At this point, as Mori says, the project took a decisive turn. “In doing all of this and stretching our creativity for collaboration, we discovered that deep and musical rehearsals were happening, giving us the confidence to say that we could record an audio album, and that layering as part of the recording process would afford us some creative possibilities in storytelling.”
As a result, in May 2020, Dennis Patterson and I were asked to work with Tapestry to produce a commercial recording of the opera at Tapestry’s Ernest Balmer Studio in Toronto’s Distillery District. We met via Zoom with Mori’s team and determined that we would be able to build the recording from the ground up, multi-tracking four performers at a time over a two-week period, following COVID safety protocols. Each layer of the recording would be complete and edited in time for the next layer, starting with the instruments and ending with the cast principals. In addition to Gupta’s video conducting tracks, live conducting was added when needed, in order to provide ongoing interpretive feedback. Gupta, who was in New York City, was channelled in live to the sessions via Source Connect Now software. Patterson took care at every stage of the recording to create a “real life” monitor mix for the performers, enabling them to deliver a true, believable performance, rather than a simple execution of the notes.
We were, in effect, reimagining the opera in a purely sonic world, learning from each other as we went. Post-production editing, mixing and effects took another month, but finally, by early fall, we had our performance.
Tapestry Opera’s recording of Rocking Horse Winner was released in time for it’s premiere network broadcast, December 26, 2020 on CBC Music’s Saturday Afternoon at the Opera, and is now available to the public on bandcamp at tapestryopera.bandcamp.com/releases.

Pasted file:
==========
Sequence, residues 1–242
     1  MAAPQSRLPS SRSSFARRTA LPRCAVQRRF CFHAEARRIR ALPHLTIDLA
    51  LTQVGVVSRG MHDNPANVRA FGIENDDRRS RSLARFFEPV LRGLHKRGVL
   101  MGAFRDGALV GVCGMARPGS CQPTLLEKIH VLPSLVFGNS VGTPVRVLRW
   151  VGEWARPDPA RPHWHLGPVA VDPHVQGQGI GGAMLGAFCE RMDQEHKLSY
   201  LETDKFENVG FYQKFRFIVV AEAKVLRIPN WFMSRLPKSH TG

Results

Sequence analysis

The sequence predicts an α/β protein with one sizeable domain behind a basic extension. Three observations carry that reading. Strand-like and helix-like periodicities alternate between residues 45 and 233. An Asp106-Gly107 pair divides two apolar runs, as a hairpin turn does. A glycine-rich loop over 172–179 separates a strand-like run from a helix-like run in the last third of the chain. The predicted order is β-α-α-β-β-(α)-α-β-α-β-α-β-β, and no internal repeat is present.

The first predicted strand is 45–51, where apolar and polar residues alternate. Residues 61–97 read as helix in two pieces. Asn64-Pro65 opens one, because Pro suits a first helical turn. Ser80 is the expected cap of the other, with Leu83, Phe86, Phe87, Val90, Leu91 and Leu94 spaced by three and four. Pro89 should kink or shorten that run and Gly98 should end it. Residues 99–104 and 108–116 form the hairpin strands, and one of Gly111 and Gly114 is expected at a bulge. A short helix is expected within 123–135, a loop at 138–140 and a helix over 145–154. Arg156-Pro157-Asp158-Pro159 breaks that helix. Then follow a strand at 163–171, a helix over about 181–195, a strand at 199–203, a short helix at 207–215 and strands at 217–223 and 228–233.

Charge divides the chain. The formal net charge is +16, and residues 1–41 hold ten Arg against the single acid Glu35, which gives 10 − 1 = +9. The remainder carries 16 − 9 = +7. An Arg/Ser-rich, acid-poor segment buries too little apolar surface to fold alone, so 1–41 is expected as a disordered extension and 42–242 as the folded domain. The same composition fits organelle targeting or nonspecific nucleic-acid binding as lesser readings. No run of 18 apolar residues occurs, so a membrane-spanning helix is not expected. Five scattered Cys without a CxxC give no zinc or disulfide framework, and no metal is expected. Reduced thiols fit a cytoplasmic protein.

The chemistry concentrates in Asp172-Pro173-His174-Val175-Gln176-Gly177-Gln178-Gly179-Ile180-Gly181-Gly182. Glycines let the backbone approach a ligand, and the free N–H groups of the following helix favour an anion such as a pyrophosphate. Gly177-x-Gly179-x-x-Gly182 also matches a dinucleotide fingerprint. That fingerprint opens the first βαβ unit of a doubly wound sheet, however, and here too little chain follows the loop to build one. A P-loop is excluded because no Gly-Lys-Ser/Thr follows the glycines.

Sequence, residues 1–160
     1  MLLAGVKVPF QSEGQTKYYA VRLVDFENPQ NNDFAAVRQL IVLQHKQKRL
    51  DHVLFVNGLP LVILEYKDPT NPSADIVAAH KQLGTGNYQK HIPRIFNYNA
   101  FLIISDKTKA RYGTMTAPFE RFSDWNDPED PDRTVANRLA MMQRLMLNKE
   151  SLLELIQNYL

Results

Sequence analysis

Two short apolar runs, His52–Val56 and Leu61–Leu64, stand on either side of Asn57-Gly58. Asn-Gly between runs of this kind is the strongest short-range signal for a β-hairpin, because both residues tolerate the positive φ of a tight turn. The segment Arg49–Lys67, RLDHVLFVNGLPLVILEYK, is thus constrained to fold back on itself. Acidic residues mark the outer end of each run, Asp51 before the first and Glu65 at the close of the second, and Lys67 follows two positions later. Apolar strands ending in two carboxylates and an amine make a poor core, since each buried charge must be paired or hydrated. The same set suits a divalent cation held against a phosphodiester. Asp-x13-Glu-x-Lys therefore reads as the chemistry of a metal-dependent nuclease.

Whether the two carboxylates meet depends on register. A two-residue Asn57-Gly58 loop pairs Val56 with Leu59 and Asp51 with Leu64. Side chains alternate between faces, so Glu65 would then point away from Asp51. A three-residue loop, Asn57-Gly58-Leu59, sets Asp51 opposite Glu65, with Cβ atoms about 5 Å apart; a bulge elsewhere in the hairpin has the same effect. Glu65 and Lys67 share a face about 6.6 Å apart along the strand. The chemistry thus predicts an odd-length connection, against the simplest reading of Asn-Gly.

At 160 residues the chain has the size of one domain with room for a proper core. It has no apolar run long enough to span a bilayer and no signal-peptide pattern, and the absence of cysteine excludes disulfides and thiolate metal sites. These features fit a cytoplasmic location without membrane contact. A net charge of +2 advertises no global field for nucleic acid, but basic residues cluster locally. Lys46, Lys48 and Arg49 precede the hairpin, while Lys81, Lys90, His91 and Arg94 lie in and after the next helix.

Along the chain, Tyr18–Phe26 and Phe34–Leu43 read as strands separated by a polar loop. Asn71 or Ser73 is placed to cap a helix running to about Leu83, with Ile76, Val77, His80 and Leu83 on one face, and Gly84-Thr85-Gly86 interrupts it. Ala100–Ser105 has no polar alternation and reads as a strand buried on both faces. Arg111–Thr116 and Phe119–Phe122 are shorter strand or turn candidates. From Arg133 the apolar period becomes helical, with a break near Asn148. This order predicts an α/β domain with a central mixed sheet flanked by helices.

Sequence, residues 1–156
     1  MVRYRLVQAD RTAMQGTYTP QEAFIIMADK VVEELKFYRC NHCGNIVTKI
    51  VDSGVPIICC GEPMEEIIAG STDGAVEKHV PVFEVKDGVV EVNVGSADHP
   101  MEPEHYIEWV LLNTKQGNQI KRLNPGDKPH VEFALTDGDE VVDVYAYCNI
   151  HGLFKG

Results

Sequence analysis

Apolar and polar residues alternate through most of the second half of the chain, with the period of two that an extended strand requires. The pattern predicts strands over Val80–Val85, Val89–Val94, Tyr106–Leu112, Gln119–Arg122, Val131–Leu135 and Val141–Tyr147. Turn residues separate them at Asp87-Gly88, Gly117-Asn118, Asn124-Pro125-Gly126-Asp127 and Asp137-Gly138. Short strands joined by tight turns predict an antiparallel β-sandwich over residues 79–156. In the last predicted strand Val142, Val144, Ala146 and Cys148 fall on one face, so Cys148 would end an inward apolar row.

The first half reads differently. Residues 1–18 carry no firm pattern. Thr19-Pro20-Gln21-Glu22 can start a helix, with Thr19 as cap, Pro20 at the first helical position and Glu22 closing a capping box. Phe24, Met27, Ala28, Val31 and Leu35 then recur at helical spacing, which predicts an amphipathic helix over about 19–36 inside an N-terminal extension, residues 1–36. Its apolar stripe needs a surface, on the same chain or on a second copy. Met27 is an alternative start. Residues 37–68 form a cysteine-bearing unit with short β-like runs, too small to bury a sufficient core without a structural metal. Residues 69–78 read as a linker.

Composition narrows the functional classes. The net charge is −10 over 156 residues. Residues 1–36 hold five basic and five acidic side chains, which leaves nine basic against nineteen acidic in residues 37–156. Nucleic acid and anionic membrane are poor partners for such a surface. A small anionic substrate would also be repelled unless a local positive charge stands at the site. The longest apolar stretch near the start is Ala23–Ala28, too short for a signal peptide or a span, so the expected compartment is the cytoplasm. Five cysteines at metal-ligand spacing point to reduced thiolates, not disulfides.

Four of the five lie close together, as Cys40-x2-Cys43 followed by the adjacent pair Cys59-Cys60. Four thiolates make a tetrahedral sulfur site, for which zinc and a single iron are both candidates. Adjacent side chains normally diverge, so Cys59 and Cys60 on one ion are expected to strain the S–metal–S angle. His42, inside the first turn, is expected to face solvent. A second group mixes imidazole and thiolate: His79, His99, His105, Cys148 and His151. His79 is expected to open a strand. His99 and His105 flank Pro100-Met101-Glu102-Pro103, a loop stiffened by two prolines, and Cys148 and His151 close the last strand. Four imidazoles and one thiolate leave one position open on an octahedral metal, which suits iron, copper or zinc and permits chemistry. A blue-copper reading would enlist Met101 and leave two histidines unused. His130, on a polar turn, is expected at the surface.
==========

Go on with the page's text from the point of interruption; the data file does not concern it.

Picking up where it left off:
“We needed to be brave and find solutions that would keep us working, learning how to succeed amid restrictions, Mori says. “The silver lining is that this worthy production would have seen a couple thousand audience members live, but its broadcast reached over 300,000 across Canada and the world!”
Quite a different mentoring challenge came my way when a student of mine, Ruby Turok-Squire, who sings with the English vocal octet, Aeterna Voices, based in Leamington Spa in the English Midlands, got in touch. I had composed a setting of the famous W. B. Yeats poem, He Wishes for The Cloths of Heaven, for the group early in 2020; she now wanted to let me know the group had decided to make their debut recording, to be titled The Cloths of Heaven, and to ask if I would guide the process from a distance.
Suddenly our conversations, previously largely centred on the topic of choral text-setting, shifted to recording techniques, microphone characteristics, and how to run a recording session. The recording was made last summer at the spectacular Gothic church, All Saints, in Leamington Spa, and will soon be released online.
My summer of 2020 was, in fact, filled with a seemingly endless series of projects, both large and small in scale, and covering a vast range of repertoire. All were by people pivoting to working in remote mode, most, if not all, performing their parts from home. All required coordination in innumerable different ways and for different reasons. All developed their own flow.
With the U.S.-Canada border closing, Canadian cellist Arlen Hlusko, a graduate of the Curtis Institute of Music, and a member of New York’s famed Bang on a Can All-Stars, returned to her home village of Lowville, Ontario. Hlusko’s creative solution to relative isolation was to act as a self mentor: producing and learning from regular webcasts of her own live solo cello performance.
I connected with her, impressed by her mastery of the cello, and offered to send her music. She hatched the idea of inviting composers from around the world to collaborate with her to create miniature compositions for solo cello, written for Instagram (hence the minute-or-less limit.) The 20 composers who responded came from Australia, Brazil, Canada, Kosovo and the United States; in each case, Hlusko and the composer corresponded, discovering common interests upon which the works were based. All of them had online premieres on Hlusko’s @celloarlen Instagram, as well as live performances on her webcasts in her regular Saturday afternoon series, Live from Lowville with Love. I ended up creating three miniature pieces, solo cello compositions based on works by Scottish poet, David Cameron, now based in Belfast, with whom I had collaborated in another project. An album release will follow.
Looking back at the overall legacy of the content I have been involved in producing, I find it immensely reassuring that those involved have by and large been populated with people with open minds, eager, as Robert Aitken described it, to continue to learn. That kind of reflexive mentoring has never been more important than now.